Invitrogen Develops new Technology to Promote Safer Stem Cell Therapies
News May 14, 2009
Invitrogen, a division of Life Technologies, has announced a new technology to enable the development of safer stem cell therapies. Dynabeads’ SSEA-4 addresses a key challenge in translational research, by separating undifferentiated stem cells from those that are differentiated.
Scientists from Invitrogen and the Buck Institute for Age Research, located in Novato, California, collaborated in developing this solution that depletes greater than 99 % of undifferentiated human embryonic stem cells from differentiated populations. They are presenting data on this new technology at the International Society for Cellular Therapy Meeting in San Diego.
Human embryonic stem cell research is one of the fastest growing areas in cell biology. These cells have unlimited proliferative capacity and can differentiate into multiple types, providing an infinite resource for many potential translational medicine applications.
A key issue for translational stem cell researchers is the ability to reliably identify and isolate undifferentiated hESCs, which are not considered as suitable for transplantation as those which are differentiated, because of the potential of unregulated cell growth. Their objective is to obtain pure and homogenous cell populations, which will help to ensure the safe development and manufacturing of therapeutics.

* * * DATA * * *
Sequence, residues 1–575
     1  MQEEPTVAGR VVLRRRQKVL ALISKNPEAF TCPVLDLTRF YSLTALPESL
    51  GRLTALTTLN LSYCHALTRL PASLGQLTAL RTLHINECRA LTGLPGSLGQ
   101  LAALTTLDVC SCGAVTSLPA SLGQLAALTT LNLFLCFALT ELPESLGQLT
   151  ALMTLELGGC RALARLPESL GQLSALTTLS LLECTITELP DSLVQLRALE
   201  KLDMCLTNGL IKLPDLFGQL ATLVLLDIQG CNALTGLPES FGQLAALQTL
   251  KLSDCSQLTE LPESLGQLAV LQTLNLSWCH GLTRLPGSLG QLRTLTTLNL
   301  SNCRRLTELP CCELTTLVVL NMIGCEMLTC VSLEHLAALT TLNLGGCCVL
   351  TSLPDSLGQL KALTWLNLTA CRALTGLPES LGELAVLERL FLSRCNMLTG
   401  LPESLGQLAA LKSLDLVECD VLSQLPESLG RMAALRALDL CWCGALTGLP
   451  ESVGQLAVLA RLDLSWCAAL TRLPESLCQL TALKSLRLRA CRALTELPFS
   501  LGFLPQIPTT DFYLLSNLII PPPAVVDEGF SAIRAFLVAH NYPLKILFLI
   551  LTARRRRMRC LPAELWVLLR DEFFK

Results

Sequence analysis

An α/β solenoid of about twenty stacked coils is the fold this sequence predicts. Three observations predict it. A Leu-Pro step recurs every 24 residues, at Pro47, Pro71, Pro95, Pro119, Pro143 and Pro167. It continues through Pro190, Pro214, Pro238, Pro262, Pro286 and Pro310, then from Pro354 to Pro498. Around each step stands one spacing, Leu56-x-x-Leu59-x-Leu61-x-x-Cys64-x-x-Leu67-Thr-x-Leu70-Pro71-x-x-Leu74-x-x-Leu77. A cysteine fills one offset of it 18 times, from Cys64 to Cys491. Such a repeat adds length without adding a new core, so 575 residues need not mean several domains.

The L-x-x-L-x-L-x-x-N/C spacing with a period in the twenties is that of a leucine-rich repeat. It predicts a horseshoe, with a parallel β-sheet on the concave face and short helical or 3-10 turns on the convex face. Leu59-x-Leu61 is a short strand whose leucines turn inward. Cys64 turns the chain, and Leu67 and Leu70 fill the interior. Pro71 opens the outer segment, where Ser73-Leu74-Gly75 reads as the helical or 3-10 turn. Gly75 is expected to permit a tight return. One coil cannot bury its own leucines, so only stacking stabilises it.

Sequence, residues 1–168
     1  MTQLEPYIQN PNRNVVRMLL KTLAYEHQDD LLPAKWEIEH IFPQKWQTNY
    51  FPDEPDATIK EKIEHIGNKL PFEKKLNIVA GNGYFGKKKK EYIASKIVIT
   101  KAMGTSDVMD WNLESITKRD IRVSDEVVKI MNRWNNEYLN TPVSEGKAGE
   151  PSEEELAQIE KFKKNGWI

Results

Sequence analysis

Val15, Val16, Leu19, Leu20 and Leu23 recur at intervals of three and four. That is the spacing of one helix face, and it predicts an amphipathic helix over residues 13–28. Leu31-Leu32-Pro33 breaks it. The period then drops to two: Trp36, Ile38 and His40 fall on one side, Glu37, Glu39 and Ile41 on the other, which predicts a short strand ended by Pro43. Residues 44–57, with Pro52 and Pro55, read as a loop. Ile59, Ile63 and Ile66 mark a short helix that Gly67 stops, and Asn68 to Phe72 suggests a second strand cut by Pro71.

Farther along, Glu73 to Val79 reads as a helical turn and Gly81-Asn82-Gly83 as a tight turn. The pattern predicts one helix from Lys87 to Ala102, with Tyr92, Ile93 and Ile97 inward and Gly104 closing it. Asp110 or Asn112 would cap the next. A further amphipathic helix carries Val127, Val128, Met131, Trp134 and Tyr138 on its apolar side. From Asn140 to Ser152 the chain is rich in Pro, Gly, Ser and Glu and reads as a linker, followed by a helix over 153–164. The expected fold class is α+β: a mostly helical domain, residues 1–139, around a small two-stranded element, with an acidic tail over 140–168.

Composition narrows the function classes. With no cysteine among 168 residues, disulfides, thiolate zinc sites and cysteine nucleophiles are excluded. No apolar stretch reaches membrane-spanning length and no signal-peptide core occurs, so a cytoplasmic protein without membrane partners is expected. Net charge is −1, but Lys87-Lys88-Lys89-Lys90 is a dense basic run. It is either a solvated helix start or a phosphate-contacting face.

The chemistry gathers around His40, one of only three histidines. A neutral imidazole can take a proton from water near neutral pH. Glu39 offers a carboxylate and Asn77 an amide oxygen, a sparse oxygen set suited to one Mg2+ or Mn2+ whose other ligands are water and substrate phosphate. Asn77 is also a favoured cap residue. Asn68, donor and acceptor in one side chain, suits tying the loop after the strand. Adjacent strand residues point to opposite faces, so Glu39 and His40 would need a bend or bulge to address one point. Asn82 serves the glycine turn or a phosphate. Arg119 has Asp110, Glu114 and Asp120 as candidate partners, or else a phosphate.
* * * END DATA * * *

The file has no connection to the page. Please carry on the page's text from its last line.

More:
Dynabeads SSEA-4 achieves this by utilizing magnetic beads that latch onto a common marker on embryonic and induced pluripotent stem cells, removing them from a culture in less than 45 minutes. This leaves behind highly pure and differentiated cells that are unaffected by the Process.
Paul Pickering, General Manager of Invitrogen Cell Therapy Systems Business at Life Technologies said, “Dynabeads SSEA-4 is an innovative and highly effective solution that addresses one of the key challenges in the development of safer stem cell therapies. It was made possible through the collaboration of several technologies and business groups from different parts of the company coming together to offer a single solution to a problem faced by many of our stem cell customers.”
Xianmin Zeng, Ph.D., Associate Professor, Buck Institute, “Using Dynabeads SSEA-4, we are able to deplete greater than 99% of pluripotent cells in neural cell populations derived from pluripotent cells, which are likely targets for transplant therapy for neurodegenerative disorders.”
Innate Reaction of Hematopoietic Stem Cells to Severe InfectionsNews
Researchers at the University of Zurich have shown for the first time that hematopoietic stem cells detect infectious agents themselves and begin to divide, without signals from growth factors.READ MORE
Using Milk Protein to 3D-Imprint Muscle and Bone CellsNews
Researchers from the University of Canterbury are replicating a 3D imprint of cells onto films made of milk protein. The films then gradually degrade, leaving the grown tissue behind.READ MORE
Comments | 0 ADD COMMENT
EMBL Course: Transgenic Animals - Micromanipulation Techniques
Apr 10 - Apr 11, 2018
EMBO Practical Course: Extracellular Vesicles: From Biology to Biomedical Applications
Apr 09 - Apr 13, 2018
EMBO | EMBL Symposium: Tissue Self-Organisation: Challenging the Systems
Mar 11 - Mar 14, 2018